Author Archives: Nimue Brown

About Nimue Brown

Druid, author, dreamer, folk enthusiast, parent, wife to the most amazing artist -Tom Brown. Drinker of coffee, maker of puddings. Exploring life as a Pagan, seeking good and meaningful ways to be, struggling with mental health issues and worried about many things.

Throwing girls to monsters

In European myths, folklore and fairytales, girls are given to monsters in order to appease them. They are offered as sacrifices. The girls themselves must be young – they are not adult women. They must be beautiful, and virginal. The monster will kill them and be satisfied and leave everyone else alone. I don’t know what, if anything happens in other traditions around this so if you have insights, do please share.

If the monster is assumed to be real (for the purposes of the story at least) then we have to ask why it wants a small, virgin girl to eat, and not a steady supply of cows. In terms of monster racketeering, you’d think ‘keep me in cows or I burn the village’ would make more sense. One small girl is hardly a decent meal for a dragon or sea monster. I refuse to believe it’s for the sex – small human virgin versus large monster… just no. Perhaps it’s for the pain this will cause the humans – going with Poe’s theory that there’s nothing more tragic than the death of a beautiful young woman. Except that groups of people sacrificing to monsters always seem a bit eager, for my liking.

Sometimes there is a sense that the girl might be being punished for being too beautiful. When the monster is human – and I’m thinking specifically of the Arabian Nights stories – the beauty of the girls being sacrificed is very much part of the issue. I wonder if this is the story that unlocks all the others. Each night, the human monster takes a virgin girl to his bed and in the morning has her beheaded. His lust is insatiable. His desire to kill girls is insatiable. Because he is at the top of the hierarchy, he is allowed to do this.

It is not dragons and sea monsters who crave young women to despoil, it is men with entitlement issues. It is also men who are fussed about human beauty standards. I think our stories of sacrificial virgins may be metaphorical ways of talking about how power imbalances corrupt relationships. When fear of those who hold power over you means you hand over your daughters to them, relationships are destroyed. It might be easier to talk about dragons, than to talk about comfort women, and what happens during wars, and what dictators do when they have the power to do what they like. It might be easier and safer to talk about a dragon than to talk about a president who feels confident describing in public how he sexually assaults women.

Advertisements

Things I am up to

This week I finished colouring volume 3 of Hopeless Maine. It’s the second graphic novel I’ve coloured, and the first time on my own project. For those of you less familiar with the mechanics of comics making – this is normal. Making a comic involves writing a script, drawing it, colouring, inking (or over-lining in our case) and lettering the pages. These can all be done by different people, and in the more famous comics there is more of a production line approach to creation.

I started working on pages back when Tom did a project called The Raven’s Child. I took on some of the shading work to try and get him some breaks and time off. It’s not unusual in the comics industry for people to work ten and twelve hour days, and seven day weeks, and for a while we did that. We’ve since decided that the artist-killing industry model is not for us and that we’d like to spend the rest of our lives with functioning spines.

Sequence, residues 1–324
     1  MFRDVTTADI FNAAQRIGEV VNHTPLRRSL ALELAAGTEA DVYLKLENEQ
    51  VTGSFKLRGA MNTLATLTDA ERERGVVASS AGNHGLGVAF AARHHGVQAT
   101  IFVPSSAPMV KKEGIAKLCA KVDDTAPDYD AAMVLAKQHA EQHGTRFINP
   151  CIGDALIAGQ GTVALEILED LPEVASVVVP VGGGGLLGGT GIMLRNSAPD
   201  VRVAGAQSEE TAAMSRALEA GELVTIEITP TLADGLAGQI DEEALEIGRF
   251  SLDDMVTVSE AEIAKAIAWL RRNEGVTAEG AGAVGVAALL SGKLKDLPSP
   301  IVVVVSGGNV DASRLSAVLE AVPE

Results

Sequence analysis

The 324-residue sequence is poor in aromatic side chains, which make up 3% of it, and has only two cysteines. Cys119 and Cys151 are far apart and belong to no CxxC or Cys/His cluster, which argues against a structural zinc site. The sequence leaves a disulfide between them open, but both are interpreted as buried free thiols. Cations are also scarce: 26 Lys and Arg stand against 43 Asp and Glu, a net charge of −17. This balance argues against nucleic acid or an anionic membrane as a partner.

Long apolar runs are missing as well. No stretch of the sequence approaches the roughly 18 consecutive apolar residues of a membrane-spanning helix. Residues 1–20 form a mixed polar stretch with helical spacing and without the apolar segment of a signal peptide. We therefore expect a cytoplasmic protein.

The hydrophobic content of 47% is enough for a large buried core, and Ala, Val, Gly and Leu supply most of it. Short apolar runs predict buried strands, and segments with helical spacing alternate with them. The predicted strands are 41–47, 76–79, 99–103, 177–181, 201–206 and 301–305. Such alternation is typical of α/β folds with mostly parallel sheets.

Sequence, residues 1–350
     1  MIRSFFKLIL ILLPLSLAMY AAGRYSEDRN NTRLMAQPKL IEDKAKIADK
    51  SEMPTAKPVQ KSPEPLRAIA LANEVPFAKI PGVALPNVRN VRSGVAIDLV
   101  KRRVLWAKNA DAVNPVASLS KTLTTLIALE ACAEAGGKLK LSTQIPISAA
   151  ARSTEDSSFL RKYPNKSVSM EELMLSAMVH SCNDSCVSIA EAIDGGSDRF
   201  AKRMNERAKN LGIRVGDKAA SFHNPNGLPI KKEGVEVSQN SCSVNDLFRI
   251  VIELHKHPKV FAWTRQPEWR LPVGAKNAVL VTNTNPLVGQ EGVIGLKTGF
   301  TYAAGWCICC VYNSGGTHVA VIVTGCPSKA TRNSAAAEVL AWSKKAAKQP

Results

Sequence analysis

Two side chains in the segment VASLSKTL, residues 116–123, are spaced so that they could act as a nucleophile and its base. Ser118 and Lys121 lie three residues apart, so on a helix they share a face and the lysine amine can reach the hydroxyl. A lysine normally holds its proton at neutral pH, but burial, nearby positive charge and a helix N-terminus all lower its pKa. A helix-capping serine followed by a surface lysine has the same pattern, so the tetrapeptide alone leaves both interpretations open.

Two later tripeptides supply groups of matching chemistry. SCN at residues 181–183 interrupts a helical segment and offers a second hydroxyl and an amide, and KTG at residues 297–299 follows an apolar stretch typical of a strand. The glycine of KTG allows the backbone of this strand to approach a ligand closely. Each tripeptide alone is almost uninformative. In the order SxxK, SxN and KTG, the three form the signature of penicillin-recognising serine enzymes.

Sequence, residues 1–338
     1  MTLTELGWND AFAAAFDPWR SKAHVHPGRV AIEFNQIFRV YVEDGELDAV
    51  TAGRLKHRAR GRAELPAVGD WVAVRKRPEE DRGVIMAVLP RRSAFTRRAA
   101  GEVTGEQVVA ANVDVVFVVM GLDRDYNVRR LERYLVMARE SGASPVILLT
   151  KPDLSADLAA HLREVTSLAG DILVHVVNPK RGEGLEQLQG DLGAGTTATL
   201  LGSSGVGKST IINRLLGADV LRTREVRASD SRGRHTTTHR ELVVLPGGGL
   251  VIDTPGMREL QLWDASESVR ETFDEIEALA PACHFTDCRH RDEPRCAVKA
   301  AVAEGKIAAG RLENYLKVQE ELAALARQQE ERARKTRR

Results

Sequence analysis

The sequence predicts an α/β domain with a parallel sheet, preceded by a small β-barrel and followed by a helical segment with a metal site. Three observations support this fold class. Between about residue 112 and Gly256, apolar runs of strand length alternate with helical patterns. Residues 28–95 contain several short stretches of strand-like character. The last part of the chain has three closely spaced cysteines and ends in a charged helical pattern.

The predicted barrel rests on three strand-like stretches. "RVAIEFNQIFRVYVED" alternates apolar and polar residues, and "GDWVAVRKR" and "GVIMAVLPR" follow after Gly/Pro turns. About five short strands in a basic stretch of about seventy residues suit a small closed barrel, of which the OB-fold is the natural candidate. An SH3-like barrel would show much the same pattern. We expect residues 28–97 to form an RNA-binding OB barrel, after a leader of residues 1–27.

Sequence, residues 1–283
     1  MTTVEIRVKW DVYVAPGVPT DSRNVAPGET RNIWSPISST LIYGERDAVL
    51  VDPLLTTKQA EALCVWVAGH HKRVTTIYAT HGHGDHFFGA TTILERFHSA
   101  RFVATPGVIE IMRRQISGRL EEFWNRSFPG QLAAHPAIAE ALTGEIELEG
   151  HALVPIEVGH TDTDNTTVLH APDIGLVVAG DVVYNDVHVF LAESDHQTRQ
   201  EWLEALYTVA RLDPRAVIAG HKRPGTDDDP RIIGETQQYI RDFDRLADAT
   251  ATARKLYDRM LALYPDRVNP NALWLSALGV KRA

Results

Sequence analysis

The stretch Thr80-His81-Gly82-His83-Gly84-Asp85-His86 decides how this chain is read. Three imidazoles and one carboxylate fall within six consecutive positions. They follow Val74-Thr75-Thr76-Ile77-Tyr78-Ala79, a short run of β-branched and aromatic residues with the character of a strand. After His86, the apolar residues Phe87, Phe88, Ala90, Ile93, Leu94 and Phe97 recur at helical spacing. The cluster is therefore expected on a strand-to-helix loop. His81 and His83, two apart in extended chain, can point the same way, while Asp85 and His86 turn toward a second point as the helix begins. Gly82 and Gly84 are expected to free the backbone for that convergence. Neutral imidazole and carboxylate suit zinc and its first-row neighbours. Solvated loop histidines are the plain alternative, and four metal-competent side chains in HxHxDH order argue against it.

The first graphic novel I coloured was mediaeval set and a take on King Arthur. Bold mediaeval colours were called for, and anyone used to Tom’s work will know that he’s not really that into bold colours. So, I offered to do it. I worked in oil pastel because it’s my medium of preference. Good for the strong colours. An arse for scanning and impossible to pencil over.

Here’s an admittedly less colourful piece from that project…

For Hopeless Maine, we don’t want serious colour intensity, and we do have a lot of delicacy, so I moved over to pencils. Easier to scan, easy to pencil over, but not, I confess, quite as much fun. I had to figure out a whole new set of approaches for seas and landscapes – previously dealt with by smooshing the oils around. Unable to smoosh, I have to spend a lot more time physically getting the colour onto the pages (A3 for a standard comics page, if you were wondering!) It’s taken a toll on my hands, so music and crafting and been much less of an option for me over the last six months. I’m looking forward to a rebalance.

I’ve enjoyed being more involved in the process – by the time previous comics have come out, my involvement as the writer has felt distant. It’s been more fun being in on the whole thing. We’re evolving ways of working together and I like that process. What we do together is a long way from what we would do separately, and that’s rather cool.

Here’s a chapter cover from the next Hopeless Maine volume…

My crowning achievement for this book has been to learn how to do glows. Candle glows and eye glows, are very much part of Tom’s look, and were something he did when the scanned, hand drawn pages went into photoshop. I have found ways of getting something plausible onto the page, and this cheers me greatly. It was something I didn’t even attempt in the previous comic.